Home of Building Operating Management & Facility Maintenance Decisions
TRENDING


Insider Reports

ADA eBook
eBook 11 ADA Problem Areas in Open Offices
This eBook focuses on 11 common problem areas to help ensure open offices and other spaces comply with ADA
Sign up for eBook




Facility Maintenance Decisions

Technology: Everything Old — And Improved — Is New Again





By Andrew Meyers   HVAC

OTHER PARTS OF THIS ARTICLEPt. 1: This PagePt. 2: Technology Makes Humidification More Effective

Technology moves quickly in institutional and commercial facilities, and maintenance and engineering managers need to keep pace. But because facilities often focus on the newest technologies, many managers don't see the opportunities existing technologies — especially those that have undergone significant changes — can offer.

Advances related to two such technologies — circuit-level monitoring and in-duct humidification — offer managers opportunities to bring greater efficiency and savings to facilities. Both technologies have existed for a long time, but many managers haven't paid attention to either of them, largely for reasons related to cost and maintenance.

Advances in wireless technology have led to more widespread use of circuit-level monitoring because it became much less expensive to install. Facilities have used in-duct humidification, but it was always subject to maintenance problems. That issue has been resolved. Through innovative design and implementation and increased building control, managers will be able to more effectively maintain in-duct humidification systems.

Taking a Closer Look

Circuit-level monitoring is not a new technology, but in the past, the systems required a great deal of infrastructure to operate properly, and installations were generally cost-prohibitive. Facilities had to install current transformers or voltage transformers, as well as wiring to the head-end equipment to process the information. Managers had to plan outages to install the monitoring equipment.

The high cost and disruption to the facilities made the technology unworkable in many applications. The systems were cumbersome, and their costs generally outweighed the associated benefits.

But the technology's benefits can be huge. Knowing your equipment's electrical consumption can increase overall building efficiency because the closer monitoring of equipment leads to more reliable, higher-performing systems. Monitoring also can identify areas of wasted energy.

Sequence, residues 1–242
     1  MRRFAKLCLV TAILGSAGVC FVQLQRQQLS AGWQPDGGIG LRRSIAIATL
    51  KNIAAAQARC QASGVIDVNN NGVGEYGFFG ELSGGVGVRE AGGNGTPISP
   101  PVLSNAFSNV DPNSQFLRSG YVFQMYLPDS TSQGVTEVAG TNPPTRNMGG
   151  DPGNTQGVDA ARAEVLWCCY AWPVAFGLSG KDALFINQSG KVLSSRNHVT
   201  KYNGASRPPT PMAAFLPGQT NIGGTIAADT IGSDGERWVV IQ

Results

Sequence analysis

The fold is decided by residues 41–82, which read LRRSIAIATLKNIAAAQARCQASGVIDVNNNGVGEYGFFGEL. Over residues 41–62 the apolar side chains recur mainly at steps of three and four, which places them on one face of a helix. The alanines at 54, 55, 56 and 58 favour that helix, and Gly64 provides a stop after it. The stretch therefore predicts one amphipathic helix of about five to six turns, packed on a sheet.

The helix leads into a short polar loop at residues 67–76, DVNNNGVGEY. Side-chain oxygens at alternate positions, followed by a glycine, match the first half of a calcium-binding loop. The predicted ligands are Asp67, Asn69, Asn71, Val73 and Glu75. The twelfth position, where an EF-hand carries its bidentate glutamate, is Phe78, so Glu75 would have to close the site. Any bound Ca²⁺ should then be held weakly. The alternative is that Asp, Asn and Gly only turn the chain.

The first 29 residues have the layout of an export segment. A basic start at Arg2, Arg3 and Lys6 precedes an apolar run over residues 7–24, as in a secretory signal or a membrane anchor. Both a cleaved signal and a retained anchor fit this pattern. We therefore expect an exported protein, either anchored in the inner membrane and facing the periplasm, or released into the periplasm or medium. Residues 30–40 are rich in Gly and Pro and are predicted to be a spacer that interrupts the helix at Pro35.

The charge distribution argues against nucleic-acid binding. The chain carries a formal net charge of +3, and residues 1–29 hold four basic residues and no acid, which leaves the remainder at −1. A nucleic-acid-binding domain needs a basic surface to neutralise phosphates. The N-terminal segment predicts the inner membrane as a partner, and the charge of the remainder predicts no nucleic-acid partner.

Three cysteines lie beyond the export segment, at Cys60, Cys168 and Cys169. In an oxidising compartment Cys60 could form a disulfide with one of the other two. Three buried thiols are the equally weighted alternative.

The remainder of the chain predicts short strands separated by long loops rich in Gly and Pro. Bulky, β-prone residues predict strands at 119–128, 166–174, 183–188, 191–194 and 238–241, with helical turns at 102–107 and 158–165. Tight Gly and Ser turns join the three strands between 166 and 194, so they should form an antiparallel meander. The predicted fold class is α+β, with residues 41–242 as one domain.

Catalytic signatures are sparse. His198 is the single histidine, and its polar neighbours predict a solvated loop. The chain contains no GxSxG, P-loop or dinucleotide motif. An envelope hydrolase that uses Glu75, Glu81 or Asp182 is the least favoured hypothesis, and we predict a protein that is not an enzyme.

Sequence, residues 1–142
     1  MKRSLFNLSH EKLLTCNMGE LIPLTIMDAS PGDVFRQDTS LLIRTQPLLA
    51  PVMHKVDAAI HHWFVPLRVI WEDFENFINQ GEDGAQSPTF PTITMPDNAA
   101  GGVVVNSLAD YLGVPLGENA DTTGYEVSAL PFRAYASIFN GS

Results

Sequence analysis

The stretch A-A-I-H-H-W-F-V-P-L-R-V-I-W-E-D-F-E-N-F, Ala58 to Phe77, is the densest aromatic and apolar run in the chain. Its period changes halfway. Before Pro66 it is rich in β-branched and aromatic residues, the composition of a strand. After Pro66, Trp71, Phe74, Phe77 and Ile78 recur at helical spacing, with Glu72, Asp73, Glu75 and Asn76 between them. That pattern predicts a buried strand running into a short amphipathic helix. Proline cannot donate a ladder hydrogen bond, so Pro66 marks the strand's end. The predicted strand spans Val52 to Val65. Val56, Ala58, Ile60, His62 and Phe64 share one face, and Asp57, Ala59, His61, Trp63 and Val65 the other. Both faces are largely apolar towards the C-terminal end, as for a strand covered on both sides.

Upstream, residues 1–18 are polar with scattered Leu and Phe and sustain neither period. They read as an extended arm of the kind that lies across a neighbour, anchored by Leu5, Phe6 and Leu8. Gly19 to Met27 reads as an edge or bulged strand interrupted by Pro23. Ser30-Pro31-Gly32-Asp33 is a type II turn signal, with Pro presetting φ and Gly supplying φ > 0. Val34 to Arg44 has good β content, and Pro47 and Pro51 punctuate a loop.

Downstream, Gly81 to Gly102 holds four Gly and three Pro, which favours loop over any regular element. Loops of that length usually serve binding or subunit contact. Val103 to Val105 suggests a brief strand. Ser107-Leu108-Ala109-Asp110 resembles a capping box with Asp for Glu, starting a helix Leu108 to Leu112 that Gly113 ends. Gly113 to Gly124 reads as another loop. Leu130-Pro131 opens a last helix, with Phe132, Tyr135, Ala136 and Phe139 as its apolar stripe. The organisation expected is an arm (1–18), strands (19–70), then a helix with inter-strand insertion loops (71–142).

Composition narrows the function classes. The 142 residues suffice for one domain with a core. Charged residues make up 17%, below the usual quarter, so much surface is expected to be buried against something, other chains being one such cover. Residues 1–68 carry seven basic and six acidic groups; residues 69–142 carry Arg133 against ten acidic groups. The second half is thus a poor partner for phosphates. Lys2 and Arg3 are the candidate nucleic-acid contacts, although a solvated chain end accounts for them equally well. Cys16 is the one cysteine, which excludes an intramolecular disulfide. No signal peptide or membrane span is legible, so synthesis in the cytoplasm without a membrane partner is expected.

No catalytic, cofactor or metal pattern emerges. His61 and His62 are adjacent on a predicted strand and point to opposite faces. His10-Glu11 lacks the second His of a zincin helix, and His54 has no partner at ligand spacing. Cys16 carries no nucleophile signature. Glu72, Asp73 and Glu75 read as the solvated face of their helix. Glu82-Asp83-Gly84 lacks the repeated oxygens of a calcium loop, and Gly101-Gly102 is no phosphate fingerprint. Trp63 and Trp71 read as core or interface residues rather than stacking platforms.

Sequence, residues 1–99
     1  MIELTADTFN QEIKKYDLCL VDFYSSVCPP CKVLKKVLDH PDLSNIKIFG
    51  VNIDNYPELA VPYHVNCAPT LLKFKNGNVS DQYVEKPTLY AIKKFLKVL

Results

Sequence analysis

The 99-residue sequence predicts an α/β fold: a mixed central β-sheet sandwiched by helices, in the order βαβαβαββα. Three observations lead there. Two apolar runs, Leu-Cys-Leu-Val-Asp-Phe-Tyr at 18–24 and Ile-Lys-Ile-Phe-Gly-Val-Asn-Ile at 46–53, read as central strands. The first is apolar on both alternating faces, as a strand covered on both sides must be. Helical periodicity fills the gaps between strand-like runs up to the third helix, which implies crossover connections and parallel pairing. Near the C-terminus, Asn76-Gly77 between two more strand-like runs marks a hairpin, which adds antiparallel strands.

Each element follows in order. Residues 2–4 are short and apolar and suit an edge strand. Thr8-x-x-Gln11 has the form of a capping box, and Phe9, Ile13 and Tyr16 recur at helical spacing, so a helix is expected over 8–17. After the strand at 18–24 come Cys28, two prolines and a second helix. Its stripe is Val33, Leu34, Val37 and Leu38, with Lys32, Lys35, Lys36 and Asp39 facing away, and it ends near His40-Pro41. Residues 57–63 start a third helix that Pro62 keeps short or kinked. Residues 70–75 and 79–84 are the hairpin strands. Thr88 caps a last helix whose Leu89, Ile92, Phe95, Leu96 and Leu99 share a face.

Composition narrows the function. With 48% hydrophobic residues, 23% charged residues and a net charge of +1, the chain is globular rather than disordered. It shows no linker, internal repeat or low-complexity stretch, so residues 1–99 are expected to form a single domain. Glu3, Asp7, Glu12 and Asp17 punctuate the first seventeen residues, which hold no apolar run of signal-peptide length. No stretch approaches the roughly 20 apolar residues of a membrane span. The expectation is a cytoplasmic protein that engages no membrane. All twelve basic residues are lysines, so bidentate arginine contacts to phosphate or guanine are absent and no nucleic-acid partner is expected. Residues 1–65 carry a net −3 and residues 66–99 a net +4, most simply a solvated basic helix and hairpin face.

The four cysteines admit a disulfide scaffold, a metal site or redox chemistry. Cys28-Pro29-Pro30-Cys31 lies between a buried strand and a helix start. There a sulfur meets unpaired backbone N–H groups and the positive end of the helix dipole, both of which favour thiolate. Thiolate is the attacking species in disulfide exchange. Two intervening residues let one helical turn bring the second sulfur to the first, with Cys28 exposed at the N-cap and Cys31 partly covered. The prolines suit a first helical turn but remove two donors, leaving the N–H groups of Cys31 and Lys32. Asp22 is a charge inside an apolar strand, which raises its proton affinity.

Once managers can determine the way facilities and systems use energy, they can develop and implement ways to improve facility operations and decrease operating costs.

Streamlining PM

Close monitoring of circuits also can help managers effectively streamline preventive maintenance (PM). Monitoring technology can constantly measure equipment and motor loads to look for variations from the norm. It can identify problems before they result in failure, decreasing downtime and maintenance costs.

Most refrigeration equipment features temperature-monitoring technology, but technicians cannot use this reactive measure for PM because the alarm only sounds after a failure has occurred. This situation can be costly because the resulting emergency call requires a technician during off hours.

With circuit-level monitoring, technicians receive alerts about a problem with a compressor, for example, and can fix it before a unit fails, preventing any loss of product and allowing the department to address the matter in an efficient and cost-effective way.

Forensics for Failure

Technicians also can use monitoring forensically to analyze equipment failures. Understanding the reasons equipment failed enables technicians to correct the source of the problems, rather than simply address the symptoms. Having readings of the current and voltage immediately before a failure allows technicians to properly assess the reasons the equipment failed.


Continue Reading: Management Insight

Technology: Everything Old — And Improved — Is New Again

Technology Makes Humidification More Effective

posted on 9/14/2011

Article Use Policy



Comments